Validation & Verification

Tom Kelliher, CS 319

Sept. 25, 1998


From Last Time

Project requirements discussion.


  1. The testing process.

  2. Test Planning.

  3. Testing Strategies.


Read Chapter 5.



  1. Static V & V: structured reviews of system representations (documents, source code). Formal methods. Can be applied to all stages of the process.

  2. Dynamic V & V: exercising an implementation. Only applies to prototype or final system. The predominant method.

  3. Statistical testing: Select tests which reflect typical usage patterns. Calculate system reliability, performance.

  4. Defect testing: Select tests which reflect the requirements specification. Uncover deficiencies in the software.

  5. Testing vs. debugging.

  6. Regression testing: after fixing a defect, re-run the test suite.

The Testing Process

Stages of the testing process:

  1. Unit testing: Independent testing of units.

  2. Module testing: A module is a set of dependent components, such as a class or set of dependent functions. Can be tested independently of other modules.

  3. Sub-system testing: Sub-systems may be independently designed and implemented. Predominantly interface errors. Integrate modules into sub-systems and test. Push on the interfaces.

  4. System testing: Integrate sub-systems. Erroneous interactions between sub-systems and system. Validate against requirements.

  5. Acceptance testing: System tested with procurer supplied data, rather than synthesized data. May reveal defects in requirements spec. Additional requirements validation. Also known as alpha test.

Beta test used for generic software: deliver an early version to prospective customers. Some vendors have elevated this to an art form.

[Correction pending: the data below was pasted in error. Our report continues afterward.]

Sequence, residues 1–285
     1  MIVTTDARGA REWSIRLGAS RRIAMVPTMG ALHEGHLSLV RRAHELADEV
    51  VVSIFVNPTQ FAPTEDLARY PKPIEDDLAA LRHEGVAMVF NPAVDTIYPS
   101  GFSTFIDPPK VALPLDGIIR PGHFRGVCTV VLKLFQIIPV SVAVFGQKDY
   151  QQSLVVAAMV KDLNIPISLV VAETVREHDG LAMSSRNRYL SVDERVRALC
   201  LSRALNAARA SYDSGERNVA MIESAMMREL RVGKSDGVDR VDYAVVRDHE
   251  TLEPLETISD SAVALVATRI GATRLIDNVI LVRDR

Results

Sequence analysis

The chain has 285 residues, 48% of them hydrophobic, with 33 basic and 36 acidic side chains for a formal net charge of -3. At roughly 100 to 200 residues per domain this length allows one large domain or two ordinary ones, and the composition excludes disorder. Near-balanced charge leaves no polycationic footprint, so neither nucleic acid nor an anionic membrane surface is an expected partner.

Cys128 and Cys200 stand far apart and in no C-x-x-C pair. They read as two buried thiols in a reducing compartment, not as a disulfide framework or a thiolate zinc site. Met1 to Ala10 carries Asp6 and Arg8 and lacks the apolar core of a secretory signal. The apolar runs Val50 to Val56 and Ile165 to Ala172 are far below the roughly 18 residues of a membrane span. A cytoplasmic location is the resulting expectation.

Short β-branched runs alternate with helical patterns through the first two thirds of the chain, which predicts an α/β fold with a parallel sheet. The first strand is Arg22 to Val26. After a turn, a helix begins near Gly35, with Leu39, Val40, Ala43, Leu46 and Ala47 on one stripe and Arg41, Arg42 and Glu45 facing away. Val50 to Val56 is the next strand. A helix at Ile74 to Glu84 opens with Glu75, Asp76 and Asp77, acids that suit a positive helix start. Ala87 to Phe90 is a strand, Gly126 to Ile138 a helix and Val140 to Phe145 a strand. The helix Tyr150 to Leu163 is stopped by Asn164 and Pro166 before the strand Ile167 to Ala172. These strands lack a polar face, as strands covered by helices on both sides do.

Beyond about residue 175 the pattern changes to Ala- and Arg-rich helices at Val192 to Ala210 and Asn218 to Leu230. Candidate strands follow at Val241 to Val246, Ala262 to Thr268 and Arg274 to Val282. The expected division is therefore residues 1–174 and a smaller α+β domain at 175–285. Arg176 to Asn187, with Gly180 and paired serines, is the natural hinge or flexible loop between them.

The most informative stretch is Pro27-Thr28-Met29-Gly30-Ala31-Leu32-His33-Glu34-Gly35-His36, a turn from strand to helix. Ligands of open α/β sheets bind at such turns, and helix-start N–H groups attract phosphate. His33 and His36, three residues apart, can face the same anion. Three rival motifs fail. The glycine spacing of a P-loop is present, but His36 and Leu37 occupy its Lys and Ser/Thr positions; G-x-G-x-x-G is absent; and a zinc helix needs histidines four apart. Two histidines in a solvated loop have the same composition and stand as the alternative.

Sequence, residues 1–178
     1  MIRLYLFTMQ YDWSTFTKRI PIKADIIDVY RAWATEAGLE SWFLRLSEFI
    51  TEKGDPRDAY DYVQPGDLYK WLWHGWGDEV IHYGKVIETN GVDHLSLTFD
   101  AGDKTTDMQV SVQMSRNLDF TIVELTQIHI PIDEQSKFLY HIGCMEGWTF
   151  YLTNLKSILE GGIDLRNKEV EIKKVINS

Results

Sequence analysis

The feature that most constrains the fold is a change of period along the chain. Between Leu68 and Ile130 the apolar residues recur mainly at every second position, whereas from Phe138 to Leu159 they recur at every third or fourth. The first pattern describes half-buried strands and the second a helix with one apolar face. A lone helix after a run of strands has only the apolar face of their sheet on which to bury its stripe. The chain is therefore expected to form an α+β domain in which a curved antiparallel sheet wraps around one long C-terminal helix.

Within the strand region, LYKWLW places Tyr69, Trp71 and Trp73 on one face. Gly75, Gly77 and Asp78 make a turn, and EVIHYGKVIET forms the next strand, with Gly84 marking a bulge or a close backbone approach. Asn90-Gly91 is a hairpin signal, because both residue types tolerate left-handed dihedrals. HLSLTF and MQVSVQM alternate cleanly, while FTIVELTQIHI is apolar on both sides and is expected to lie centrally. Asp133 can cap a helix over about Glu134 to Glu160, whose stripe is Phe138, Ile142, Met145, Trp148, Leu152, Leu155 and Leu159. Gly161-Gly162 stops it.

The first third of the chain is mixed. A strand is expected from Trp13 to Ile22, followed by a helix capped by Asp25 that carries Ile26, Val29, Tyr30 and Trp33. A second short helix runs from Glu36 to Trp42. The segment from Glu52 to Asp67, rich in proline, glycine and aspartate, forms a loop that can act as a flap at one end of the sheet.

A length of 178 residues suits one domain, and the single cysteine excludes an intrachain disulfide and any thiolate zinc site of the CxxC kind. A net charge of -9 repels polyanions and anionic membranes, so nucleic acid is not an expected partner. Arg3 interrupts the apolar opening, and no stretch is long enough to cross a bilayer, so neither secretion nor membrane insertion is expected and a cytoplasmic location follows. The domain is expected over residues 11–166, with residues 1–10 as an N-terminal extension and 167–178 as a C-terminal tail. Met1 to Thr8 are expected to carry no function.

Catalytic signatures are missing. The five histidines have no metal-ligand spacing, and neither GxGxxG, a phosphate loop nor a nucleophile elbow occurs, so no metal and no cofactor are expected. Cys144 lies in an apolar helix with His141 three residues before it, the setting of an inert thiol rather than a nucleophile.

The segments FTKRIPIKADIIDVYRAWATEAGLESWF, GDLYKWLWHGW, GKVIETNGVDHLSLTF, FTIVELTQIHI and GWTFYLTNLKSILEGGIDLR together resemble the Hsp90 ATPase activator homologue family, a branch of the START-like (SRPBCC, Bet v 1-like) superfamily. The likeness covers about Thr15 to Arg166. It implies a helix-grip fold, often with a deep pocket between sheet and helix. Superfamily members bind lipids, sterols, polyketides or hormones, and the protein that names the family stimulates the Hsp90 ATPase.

Test Planning

Testing is expensive and time consuming. Plan for slippages.

Components of a test plan:

  1. The testing process: overview of the test process.

  2. Requirements traceability: how are the requirements being validated?

  3. Test items: which software process products are being tested?

  4. Testing schedule: overall testing schedule and resource allocation.

  5. Test recording procedures: record results, allow for audits.

  6. Hardware and software requirements: SW tools and hardware utilization.

  7. Constraints: anticipate any possible testing constraints.

The relationship between software process, test plans, and testing:

Testing Strategies

Mix and match strategies. Test incrementally.

  1. Top-Down testing:
    1. Start with most abstract components. Use with top-down design.

    2. Early validation, prototype. Psychological, managerial advantages.

    3. Use of stubs. How to generate returned items?

    4. Upper levels may not produce (testable) output.

  2. Bottom-Up testing:
    1. Start at the bottom. Use with object-oriented design, reusable components.

    2. Architectural flaws may not be discovered until late. May force re-write of implemented components.

    3. Test drivers can be provided along with system to support reuse.

  3. Thread testing:
    1. Test the thread/communication pathways within a system, particularly real-time, event driven system.

    2. Sequence: single event, multiple events of single type, multiple events of various types. Incremental approach again.

  4. Stress testing:
    1. Determine if system can handle its intended load (and beyond!).

    2. Determine system failure behavior.

    3. May uncover hidden flaws.

    4. Extremely useful for distributed systems.

  5. Back-to-Back testing: Test different versions of a system against each other. Diff the results.


  1. How do you test?

  2. Is validation difficult?

  3. Why is top-down testing not useful for object-oriented systems?

  4. Why is regression testing necessary?

  5. Can a programmer objectively test their own code?

  6. Consider the ethics of testing until you exhaust the test budget, then deliver the product.

Thomas P. Kelliher
Wed Sep 23 17:11:05 EDT 1998
Tom Kelliher